On February 12, 2016, new media artist Matt Starr organized the art exhibition "Weekend with Bernie" for Wayfarers Gallery in Bushwick, Brooklyn, New York. The exhibition included Ryder Ripps's installation "Faces of Bernie Sanders Dank Meme Stash" featuring Skype video chats with members of the group as well as a painting of American rapper Lil B as Sanders by Canadian record producer Ryan Hemsworth. The exhibition raised over $10,000 in donations to the Sanders campaign.[32][33]

Spin-offs[edit]

A spin-off dating group, Bernie Sanders Dank Meme Singles, was founded by a Beth Hannah of Havre, Montana.[12][34][35][36] Members post either Internet memes, personal advertisements, or selfies.[37] On February 22, 2016, the group had over 9,900 members and a team of 20 administrators.[38][39]

Bernie Sanders Dank Meme Singles, in turn, inspired the online dating service, Bernie Singles,[12][35][40] founded on February 17, 2016, by Arizona State University student Colten Caudle and co-owner David Boni. It received 1,000 registered users within the first hour.[36] The website allows users to search for other users based on geographic region.[35]

Bernie Sanders' Dank Meme Stash inspired the Facebook page Ted Cruz Meme Page dedicated to the United States Senator from Texas Ted Cruz and his former presidential campaign.[13] Other figures with dedicated pages include former 2016 presidential candidates Gary Johnson and Jill Stein.

Splinter groups like "I Got Banned From Bernie Sanders' Dank Meme Stash" also have thousands of members.[41]

"Faces of Bernie Sanders Dank Meme Stash" (2016) by conceptual artist Ryder Ripps featuring the "Bernie or Hillary?" meme.

Impact[edit]

Many publications speculated on whether Internet memes helped Bernie Sanders' presidential campaign. Co-founder and former moderator of the group Sean Walsh said, "This generation's memes are that generation's C-SPAN or Huffington Post. Seriously, memes are going to be very prevalent in politics. They're going to get ideas into your head."[1] The Washington Post's Caitlin Dewey believed memes are more participatory than news articles or official campaign letters besides addressing voter apathy through humor.[1] Vice's Carles Buzz found memes curated by the group appealed more to a progressive than their radio station's Facebook page.[14] While examining the popularity of both Sanders and British politician Jeremy Corbyn, Jacobin's Peter Frase used the group as an example that "exploits the incongruity of these men’s nebbishy affect when contrasted with their youthful supporters."[42] Fortune's Ryan Holmes found it interesting that the memes had "little – or nothing – to do with Sanders' actual campaign."[28] The Daily Kos's Nerdstrom thought an online community like the group was what rival presidential candidates lacked.[12] In Northwestern University's news magazine North by Northwestern, Facebook page Cats for Kasich founder Blake Kolesa and co-founder Noah Orner called it "one of the many pop-culture phenomena that connect younger voters to politics."[11] Business Insider's Dan Turkel pointed out how the group highlighted enthusiasm among young Internet users.[31] The Daily Dot's Vic Vaiana said the group was one of the first leftist meme spaces to attract significant media coverage as well as increasing the popularity of similar spaces.[41] Brit + Co's Tannara Yelland found Sanders' Internet appeal via memes resonated with Millennials.[43]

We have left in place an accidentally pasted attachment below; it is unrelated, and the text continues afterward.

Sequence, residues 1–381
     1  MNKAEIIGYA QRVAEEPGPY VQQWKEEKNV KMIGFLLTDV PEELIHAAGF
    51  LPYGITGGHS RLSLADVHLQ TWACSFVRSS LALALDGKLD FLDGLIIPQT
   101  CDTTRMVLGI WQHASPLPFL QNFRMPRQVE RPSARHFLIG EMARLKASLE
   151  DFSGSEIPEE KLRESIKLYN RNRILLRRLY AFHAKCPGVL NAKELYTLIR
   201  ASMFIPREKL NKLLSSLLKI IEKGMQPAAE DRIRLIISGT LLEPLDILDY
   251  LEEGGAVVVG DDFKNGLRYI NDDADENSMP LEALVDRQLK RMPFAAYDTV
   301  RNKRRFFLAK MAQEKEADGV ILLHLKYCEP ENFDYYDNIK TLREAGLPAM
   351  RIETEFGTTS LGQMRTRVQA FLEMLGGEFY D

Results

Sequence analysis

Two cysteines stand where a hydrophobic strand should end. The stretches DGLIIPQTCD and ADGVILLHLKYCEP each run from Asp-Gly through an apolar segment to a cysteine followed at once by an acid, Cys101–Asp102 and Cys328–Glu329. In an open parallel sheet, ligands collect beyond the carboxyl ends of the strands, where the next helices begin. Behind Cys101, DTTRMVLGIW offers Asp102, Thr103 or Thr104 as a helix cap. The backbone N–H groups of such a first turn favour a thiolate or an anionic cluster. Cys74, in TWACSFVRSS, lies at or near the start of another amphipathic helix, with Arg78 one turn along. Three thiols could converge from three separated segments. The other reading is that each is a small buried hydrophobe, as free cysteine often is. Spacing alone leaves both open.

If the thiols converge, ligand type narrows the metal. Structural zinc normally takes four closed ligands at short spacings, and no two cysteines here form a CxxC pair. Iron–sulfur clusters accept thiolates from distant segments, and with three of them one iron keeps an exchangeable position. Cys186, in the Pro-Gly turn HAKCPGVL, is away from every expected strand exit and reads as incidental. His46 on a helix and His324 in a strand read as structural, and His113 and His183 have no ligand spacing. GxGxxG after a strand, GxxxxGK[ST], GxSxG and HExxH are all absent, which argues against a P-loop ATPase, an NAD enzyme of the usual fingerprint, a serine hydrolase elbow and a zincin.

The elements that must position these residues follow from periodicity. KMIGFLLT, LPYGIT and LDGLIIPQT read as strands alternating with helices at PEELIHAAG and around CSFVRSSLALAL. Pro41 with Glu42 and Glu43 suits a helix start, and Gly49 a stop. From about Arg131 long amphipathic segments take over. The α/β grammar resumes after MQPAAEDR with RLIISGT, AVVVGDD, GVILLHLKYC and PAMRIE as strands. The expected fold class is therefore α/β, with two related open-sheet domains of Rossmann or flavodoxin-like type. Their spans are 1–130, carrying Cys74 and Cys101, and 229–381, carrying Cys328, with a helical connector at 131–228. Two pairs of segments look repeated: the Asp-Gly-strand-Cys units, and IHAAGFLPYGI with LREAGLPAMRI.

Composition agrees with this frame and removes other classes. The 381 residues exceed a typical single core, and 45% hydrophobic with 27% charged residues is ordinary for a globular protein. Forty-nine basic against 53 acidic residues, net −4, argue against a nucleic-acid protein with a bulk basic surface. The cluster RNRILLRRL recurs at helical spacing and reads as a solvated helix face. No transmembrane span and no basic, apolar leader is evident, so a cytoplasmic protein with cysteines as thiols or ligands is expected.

See also[edit]

References[edit]

  1. ^ a b c d e Dewey, Caitlin (February 23, 2016). "How Bernie Sanders became the lord of 'dank memes'". The Washington Post. Nash Holdings LLC. Retrieved February 23, 2016.
  2. ^ https://www.facebook.com/groups/berniesandersmemes/members/
  3. ^ Walsh, Sean (2015-08-07). Bewildering Tales of Fiction #1: Mutilated Viking Strippers Take the Pentagon (First ed.). Bewildering Tales of Fiction. ISBN 9780692509326.
  4. ^ Alexander, Leigh (4 March 2016). "Blame it on the Zodiac killer: did social media ruin Ted Cruz's campaign?". The Guardian. Retrieved 16 May 2016.
  5. ^ Peck, Jamie (April 26, 2016). "Did Hillary Clinton's super PAC pay trolls to shut down Sanders Facebook pages?". Death and Taxes. SpinMedia. Retrieved April 27, 2016.
  6. ^ Baume, Matt (April 26, 2016). "What's Behind the Disappearance of Bernie Sanders Facebook Groups?". The Stranger. Index Newspapers, LLC. Retrieved May 1, 2016.
  7. ^ a b Crosbie, Jack (July 12, 2016). "Facebook's Bernie Sanders' Dank Memes Stash Is Eating Itself Right Now". Inverse.com. Inverse. Retrieved July 14, 2016.
  8. ^ Tiven, Lucy (July 12, 2016). "Bernie Sanders' Supporters Are Reacting to His Clinton Endorsement With These Memes". attn.com. ATTN:, Inc. Retrieved July 14, 2016.
  9. ^ Dockray, Heather (May 5, 2017). "Neoliberals are trying to do the impossible: Make their memes cool". Mashable. mashable.com. Retrieved May 26, 2017.
  10. ^ https://www.facebook.com/groups/1013071262046733/admins/
  11. ^ a b Schwartz, Isabel (May 4, 2016). "What is Cats for Kasich?". North by Northwestern. North by Northwestern, NFP. Retrieved May 4, 2016.